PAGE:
The Catastophe Trilogy

Katastrofetrilogien is a trilogy centered on themes of how stories of historic disasters impact contemporary conversations and relationships. Collaboratively and organically produced by video artist Roderick Coover and writer Scott Rettberg, these three films call upon historical narratives of of a deadly volcanic eruption, a great floods, and the plague to tell stories of present day longing, anxiety, and environmental change.

The three films that make up the Catastrophe Trilogy are The Last Volcano / Det siste utbruddet, Cats and Rats/Rotter og katter and Norwegian Tsunami/ Norsk flodbølge. The three films were designed to play both as installation loops and single play screenings.  Each work explores historical occurrences in light of contemporary events. Myths and histories of tragic deaths caused by toxic volcanic dust, the plague and floods from a prehistoric tsunami are revisited in contexts of current volcanic eruptions impacting Europe, the potential spread of the N1H1 virus, and deep drilling in the North Sea.  The works engage digital poetics and eco-poetic themes, using language and image to explore myth, story and  challenges of translation (across language, cultures, and technicities). The three films were created one per year in differing locations, and then edited to form the trilogy. They incorporate imagery filmed in Norway, Scotland, England and USA. Production by CRChange LLC.       


The Last Volcano / Det siste utbruddet

A story of a catastrophic volcanic eruption and its aftermath is twice told by a woman before the slowly turning image of contemporary urban landscape. As the narrative cycles through a recursion, the woman’s husband attempts to interrupt, questioning the disturbing history and trying to place it in historical time. Though the story references events of the distant past, its setting and telling raise anxieties related to cycles of memory and forgetting.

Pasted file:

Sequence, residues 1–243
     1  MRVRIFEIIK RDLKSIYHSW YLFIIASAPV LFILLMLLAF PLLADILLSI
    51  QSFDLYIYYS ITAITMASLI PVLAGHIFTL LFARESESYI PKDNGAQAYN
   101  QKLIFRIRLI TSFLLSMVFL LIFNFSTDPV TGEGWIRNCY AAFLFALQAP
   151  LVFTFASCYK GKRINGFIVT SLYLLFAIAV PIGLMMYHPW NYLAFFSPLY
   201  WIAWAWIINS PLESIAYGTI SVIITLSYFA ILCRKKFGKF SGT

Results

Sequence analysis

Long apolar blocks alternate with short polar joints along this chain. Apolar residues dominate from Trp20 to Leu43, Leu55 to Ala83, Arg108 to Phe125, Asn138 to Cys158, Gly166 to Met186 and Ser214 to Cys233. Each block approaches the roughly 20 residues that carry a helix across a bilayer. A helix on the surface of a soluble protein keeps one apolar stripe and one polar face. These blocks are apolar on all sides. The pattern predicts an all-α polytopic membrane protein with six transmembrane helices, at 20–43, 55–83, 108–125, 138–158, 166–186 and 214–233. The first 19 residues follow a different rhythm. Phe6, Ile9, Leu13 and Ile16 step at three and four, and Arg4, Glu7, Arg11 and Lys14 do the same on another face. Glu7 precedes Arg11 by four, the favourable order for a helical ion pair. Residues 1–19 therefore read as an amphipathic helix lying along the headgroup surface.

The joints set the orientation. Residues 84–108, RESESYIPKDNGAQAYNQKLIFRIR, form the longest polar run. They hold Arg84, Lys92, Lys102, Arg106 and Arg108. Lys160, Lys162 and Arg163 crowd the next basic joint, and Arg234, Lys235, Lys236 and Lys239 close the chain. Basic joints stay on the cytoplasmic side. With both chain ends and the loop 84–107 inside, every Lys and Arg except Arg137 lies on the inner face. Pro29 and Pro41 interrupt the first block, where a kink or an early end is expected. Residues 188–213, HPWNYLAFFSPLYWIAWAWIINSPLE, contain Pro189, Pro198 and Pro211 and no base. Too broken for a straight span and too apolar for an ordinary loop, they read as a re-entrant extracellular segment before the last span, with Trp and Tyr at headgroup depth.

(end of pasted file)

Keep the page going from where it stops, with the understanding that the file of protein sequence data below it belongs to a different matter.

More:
The Last Volcano was filmed at docks in Bergen Norway using panoramic animation. The imagery of a peaceful and prosperous contemporary urban landscape is juxtaposed with an 18th century account of widespread death and crop-loss caused by an eruption of an Icelandic volcano. The work was filmed during the period of the 2011 eruptions of the Eyjafjallajökull volcano that impacted European air and transport.

Direction: Roderick Coover
Writing: Scott Rettberg
Translations by: Daniel Apollon, Gro Jørstad Nilsen, and Jill Walker Rettberg
Voices: Gro Jørstad Nilsen and Jan Arild Breistein
Technical: 6:30 Minutes, HD 16:9, Color, Stereo.
Available in both single-play and installation loop formats.
The Last Volcano was first released in the USA and Norway with English and Norwegian subtitles.
It has also been translated and subtitled in French.


Cats and Rats / Rotter og katter
A blind date between an American epidemiologist and a Norwegian woman takes place on a transatlantic Skype call. While trying to impress his potential paramour with his important work in studying contemporary epidemics, the clumsy American steers the conversation terribly wrong, toward a discussion of the Plague and all the devastating historical memories it entails.

Cats and Rats /Rotter og katter was filmed on the Norwegian shoreline, on the banks of a US northeastern city, in a science laboratory, and along the shores of the UK, from which ships carrying plague-diseased rats were said to have come.

Direction: Roderick Coover
Writing: Scott Rettberg
Translation by: Jill Walker Rettberg
Voices: Jill Walker Rettberg and Rob Wittig
Technical: 9 Minutes, HD 16:9, Color, Stereo.


Norwegian Tsunami/ Norsk Flodbølge
A Scottish geologist and a Norwegian chef who works on an offshore oil platform discuss a certain strangeness in the waves, their changing spirits, and the last time a tsunami devastated the nearby shores.
Geological movement in the coastal shelf under the North Sea triggers a cataclysmic tsunami. The wave devastated communities eastern shores of the British Isles. The tsunami broke through the land link to cause the English channel. The narrative of the great wave that altered Europe is related to two contemporary contexts: the 2011 Tsunami that hit Japan in 2011, which introduced stories of great floods, and studies and examples of tremors caused by recent oil drilling. Might the current rush to drill in the deep seas of the northern shores of Norway and Scotland directly or indirectly lead to earthquakes, land-slides or great waves?

Direction: Roderick Coover
Writing: Scott Rettberg
Translation by: Scott Rettberg and Jill Walker Rettberg
Voices: Gillian Carson and Kristian A. Bjørkelo
Technical: 8:30 Minutes, HD 16:9, Color, Stereo.